While the official representatives of the C.V. were fully aware of the critical change that occurred with the rise of the Nazis to political power, in 1933 many members of the German-Jewish community voiced fundamentally different concerns in their letters to the headquarters. The Nazis’ rise to power was closely monitored not only by European societies, but by the United States as well. Many protests were organized by Jewish communities across multiple cities in the U.S. and Europe as they tried to raise awareness regarding the conceived threat of the National Socialist movement in Germany. The radical anti-Semitism that proliferated in Nazi circles was seen as a critical radicalization of already-known anti-Jewish policies. As odd as it may seem to a contemporary audience, some German Jews, however, felt inclined to denounce these international protests. The C.V. headquarters in Berlin received multiple letters urging the organization to uncompromisingly intervene in order to stop this “propaganda” that was tainting Germany’s reputation in the world. The authors of these letters went even so far as suggesting to contact the Jewish communities personally in order to bring a swift end to the protests.
In fact, some German Jews were referring in their letters to the necessary sacrifices German Jews ought to endure during an era of political turmoil and change. The radical anti-Semitism of the Nazis was conceived by these individuals as a side effect of a larger, more important endeavour, that they felt attached to.
Undeniably, the Nazis were very successful and effective at othering the German Jews as the diametrically opposed entity to an imagined Germanness. This, on the other hand, stands in stern contrast to how German Jews felt. While we obviously cannot assume that this level of belonging to Germany was shared by any number of German Jews, it still provides us with an understanding of the depths of identification with the nation-state that prevailed even in the face of the radical anti-Semitism unleashed by the Nazis.
German Jews thought of themselves as Germans, just as American Jews and American Muslims, as well as German Jews and German Muslims, largely think of themselves as Americans or Germans today.
Reading these files reminded me of the words of a Holocaust survivor, who spoke to me about how deeply assimilated his parents, one a German Jew, were in society. “I didn’t know what it meant to be Jewish until the Holocaust.” It also reminds me of the words of second generation Muslims in Germany, such as one young man who said “we aren’t there yet, we can’t really be German.” In the early twentieth century, the “Jewish question” was a question asked by the mainstream, non-Jewish sectors of society. German Jews thought of themselves as Germans, just as American Jews and American Muslims, as well as German Jews and German Muslims, largely think of themselves as Americans or Germans today. Posed from the outside, such a question (whether the “Jewish question” or the “Muslim question”) forces the religious minority group to reconsider its belonging, breaking down a unifying imagination that recognizes plurality. Such externalization of an internal social reality of difference harms not only minorities, but society as a whole. It erodes the social contract, and the hope that plurality—in all of its colors and forms—will prevail over fear.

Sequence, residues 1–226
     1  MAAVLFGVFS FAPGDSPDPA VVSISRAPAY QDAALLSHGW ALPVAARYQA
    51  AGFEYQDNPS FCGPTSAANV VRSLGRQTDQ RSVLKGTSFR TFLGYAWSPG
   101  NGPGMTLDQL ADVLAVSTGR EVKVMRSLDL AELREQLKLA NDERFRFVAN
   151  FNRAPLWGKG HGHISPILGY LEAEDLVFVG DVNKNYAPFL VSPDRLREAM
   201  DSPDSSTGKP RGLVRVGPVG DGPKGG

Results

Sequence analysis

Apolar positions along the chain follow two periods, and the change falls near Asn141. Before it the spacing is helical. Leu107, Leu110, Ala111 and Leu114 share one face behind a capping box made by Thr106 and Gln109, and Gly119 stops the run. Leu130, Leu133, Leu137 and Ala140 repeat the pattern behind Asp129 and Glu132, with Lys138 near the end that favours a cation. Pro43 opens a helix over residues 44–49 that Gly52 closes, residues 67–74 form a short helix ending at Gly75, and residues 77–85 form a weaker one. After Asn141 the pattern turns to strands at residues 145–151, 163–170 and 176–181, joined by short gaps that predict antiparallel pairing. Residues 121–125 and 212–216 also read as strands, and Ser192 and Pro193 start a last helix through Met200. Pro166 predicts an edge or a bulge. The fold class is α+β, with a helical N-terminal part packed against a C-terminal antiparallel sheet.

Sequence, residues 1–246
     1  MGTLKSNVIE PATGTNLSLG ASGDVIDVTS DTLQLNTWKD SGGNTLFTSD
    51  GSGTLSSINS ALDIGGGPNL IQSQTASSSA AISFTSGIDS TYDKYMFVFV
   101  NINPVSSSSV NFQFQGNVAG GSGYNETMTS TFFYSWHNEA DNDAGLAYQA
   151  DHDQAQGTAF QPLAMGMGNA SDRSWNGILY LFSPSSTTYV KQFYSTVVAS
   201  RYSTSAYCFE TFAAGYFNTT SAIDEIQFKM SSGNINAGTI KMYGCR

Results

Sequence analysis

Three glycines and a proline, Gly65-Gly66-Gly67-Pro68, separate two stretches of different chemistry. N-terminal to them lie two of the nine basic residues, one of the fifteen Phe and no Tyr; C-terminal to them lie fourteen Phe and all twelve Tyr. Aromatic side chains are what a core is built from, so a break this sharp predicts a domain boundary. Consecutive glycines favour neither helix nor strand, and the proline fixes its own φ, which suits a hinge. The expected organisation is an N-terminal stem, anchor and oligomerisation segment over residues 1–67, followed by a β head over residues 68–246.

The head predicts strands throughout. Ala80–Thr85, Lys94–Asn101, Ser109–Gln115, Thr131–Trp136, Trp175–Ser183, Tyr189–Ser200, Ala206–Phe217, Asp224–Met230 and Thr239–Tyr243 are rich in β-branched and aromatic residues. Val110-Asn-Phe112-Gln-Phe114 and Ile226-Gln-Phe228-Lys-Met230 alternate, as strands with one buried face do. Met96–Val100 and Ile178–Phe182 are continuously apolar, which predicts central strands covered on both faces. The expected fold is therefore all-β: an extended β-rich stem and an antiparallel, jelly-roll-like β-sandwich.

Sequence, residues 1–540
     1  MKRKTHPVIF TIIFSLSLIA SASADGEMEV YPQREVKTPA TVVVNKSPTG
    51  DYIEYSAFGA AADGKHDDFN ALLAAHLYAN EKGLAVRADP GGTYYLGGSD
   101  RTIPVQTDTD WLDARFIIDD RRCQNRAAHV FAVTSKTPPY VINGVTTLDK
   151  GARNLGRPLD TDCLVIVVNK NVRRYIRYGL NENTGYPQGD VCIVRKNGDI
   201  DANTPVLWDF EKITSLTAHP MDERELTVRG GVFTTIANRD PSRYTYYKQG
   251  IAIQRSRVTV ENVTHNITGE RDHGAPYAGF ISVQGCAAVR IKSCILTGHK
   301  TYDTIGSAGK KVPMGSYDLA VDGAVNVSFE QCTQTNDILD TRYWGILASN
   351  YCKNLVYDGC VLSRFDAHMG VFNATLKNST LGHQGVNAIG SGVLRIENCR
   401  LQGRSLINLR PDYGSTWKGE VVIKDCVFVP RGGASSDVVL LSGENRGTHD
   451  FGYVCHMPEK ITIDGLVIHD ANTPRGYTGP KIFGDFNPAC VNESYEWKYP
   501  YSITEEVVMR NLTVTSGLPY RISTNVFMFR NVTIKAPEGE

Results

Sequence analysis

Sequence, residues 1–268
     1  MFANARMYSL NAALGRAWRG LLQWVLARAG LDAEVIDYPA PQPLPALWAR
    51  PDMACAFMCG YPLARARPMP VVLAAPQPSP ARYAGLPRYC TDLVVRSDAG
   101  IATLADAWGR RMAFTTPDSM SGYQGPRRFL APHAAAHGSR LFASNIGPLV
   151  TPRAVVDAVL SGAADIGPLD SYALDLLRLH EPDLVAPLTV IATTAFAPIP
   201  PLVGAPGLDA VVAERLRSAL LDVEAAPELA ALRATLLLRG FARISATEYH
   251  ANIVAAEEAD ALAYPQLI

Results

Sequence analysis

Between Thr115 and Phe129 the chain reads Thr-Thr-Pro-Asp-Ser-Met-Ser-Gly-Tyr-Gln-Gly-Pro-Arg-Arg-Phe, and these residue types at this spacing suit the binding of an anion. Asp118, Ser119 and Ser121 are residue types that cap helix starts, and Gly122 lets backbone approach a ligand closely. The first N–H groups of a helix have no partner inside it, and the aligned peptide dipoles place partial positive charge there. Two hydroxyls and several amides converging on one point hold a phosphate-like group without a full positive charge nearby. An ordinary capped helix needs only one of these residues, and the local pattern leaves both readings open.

Supported by the DAAD with funds from the Federal Foreign Office (FF).
 Othering centers not only on differentiation, but on inferiority; that is, the “other” is perceived not only as different but lesser. Cf. Michal Krumer-Nevo and Mirit Sidi, “Writing against othering,” Qualitative Inquiry 18 (2012): 299.
 Cf. Vince Marotta, “Zygmunt Bauman: Order, strangerhood and freedom,” Thesis eleven 70.1 (2002): 36-54, p. 46.
 Cf. United States Holocaust Memorial Museum Archives, RG-11.001M Fond 721. Records of the Centralverein deutscher Staatsbürger Jüdischen Glaubens, Berlin (Central Association of German Citizens of Jewish Belief, Berlin). 1923-1938.
 Cf. Records of the Centralverein at USHMM, 721-1-2566, F.22: Rabbi Dr. Goldbaum addressing the C.V., 30. March 1933.
 Cf. Records of the Centralverein at USHMM, 721-1-2292, F.36-7: Dr. Rosenthal, Advocate from Paderborn, addressing the C.V., 3. August 1933.
 Cf. Records of the Centralverein at USHMM, 721-1-2292, F.247-8: Kurt Alexander addressing the C.V., 23. March 1933.